— An Audi 3-liter emissions defeat device class-action lawsuit isn't worthy of going to trial, so says attorneys for Audi who filed a motion to dismiss the massive complaint.
A report in a German newspaper sent U.S. lawyers on a suing spree as at least 13 proposed class-action lawsuits were quickly filed in 2016 alleging gas-powered Audi cars were as illegal as diesel vehicles. Those lawsuits were packaged into one class-action in 2017.
In one of those lawsuits from November 2016, the plaintiffs allege Audi secretly installed emissions "defeat devices" in 3-liter gas-powered vehicles equipped with AL 551 automatic transmissions. The gas versions of Audi A6, A8, Q5 and Q7 vehicles allegedly were created to fool emissions tests by using the steering wheels.
The German report the lawsuit is based on says when the steering wheel input doesn't exceed a 15-degree change in wheel angle, the defeat device senses the vehicle is undergoing testing in a laboratory.
The transmission is set to change the way it shifts by operating in a "low rev" mode when it detects the car is on a test treadmill, then the transmission shifts into the next higher gear sooner than it should.
The lawsuit alleges the vehicles will look good in a lab, but during normal highway driving the cars emit illegal levels of carbon dioxide.
In the consolidated class-action that includes the 2012-2016 Audi A6, A7, A8, A8L and 2013-2016 Audi Q5, Audi says the plaintiffs can't explain how they have been injured or harmed by the alleged defeat devices.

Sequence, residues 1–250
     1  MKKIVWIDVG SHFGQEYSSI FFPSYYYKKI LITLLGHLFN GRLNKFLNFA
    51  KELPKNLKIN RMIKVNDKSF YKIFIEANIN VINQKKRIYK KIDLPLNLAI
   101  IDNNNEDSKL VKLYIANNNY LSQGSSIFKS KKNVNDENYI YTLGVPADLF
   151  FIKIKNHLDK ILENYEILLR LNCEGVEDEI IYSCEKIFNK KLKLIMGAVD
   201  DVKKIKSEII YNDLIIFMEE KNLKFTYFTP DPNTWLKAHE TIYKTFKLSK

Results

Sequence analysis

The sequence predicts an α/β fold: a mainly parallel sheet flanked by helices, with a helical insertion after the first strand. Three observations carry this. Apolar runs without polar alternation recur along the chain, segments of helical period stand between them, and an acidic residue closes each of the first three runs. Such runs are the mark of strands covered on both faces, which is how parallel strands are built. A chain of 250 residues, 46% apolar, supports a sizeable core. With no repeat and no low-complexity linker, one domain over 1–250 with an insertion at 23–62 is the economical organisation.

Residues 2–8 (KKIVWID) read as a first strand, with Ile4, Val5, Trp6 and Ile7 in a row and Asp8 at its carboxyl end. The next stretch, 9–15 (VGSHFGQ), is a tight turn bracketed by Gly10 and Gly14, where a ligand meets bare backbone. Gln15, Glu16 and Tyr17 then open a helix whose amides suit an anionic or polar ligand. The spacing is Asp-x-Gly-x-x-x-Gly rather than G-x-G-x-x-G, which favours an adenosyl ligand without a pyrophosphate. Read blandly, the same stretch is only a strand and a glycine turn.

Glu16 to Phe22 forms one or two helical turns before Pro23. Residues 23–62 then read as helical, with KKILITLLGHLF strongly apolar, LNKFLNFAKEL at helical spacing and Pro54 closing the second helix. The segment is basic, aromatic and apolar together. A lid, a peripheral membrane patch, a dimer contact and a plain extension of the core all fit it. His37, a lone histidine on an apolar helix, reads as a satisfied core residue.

The automaker says the plaintiffs are basing their claims on speculations and are simply copying claims made in lawsuits involving diesel vehicles.
While the lawsuit alleges 3-liter owners suffered from decreased mileage, Audi told the judge none of the plaintiffs say how much fuel economy they lost because of the alleged defeat devices.
Audi also says the lawsuits are absurd because not one of the plaintiffs says they own the one vehicle that allegedly had high emissions levels. That vehicle, a 12-cylinder Audi A8L, is described as a "rare" vehicle by the automaker.
Audi also says that although none of the plaintiffs own that vehicle, the lawsuit alleges the plaintiffs did test one vehicle that emitted high emissions. However, the automaker claims the plaintiffs failed to mention what vehicle was tested.
Audi says if the plaintiffs had a case, they would have at least said in the lawsuit the make, model and year of the vehicle mentioned in the complaint.
Audi filed its motion to dismiss the 3-liter defeat device lawsuit in the U.S. District Court for the Northern District of California.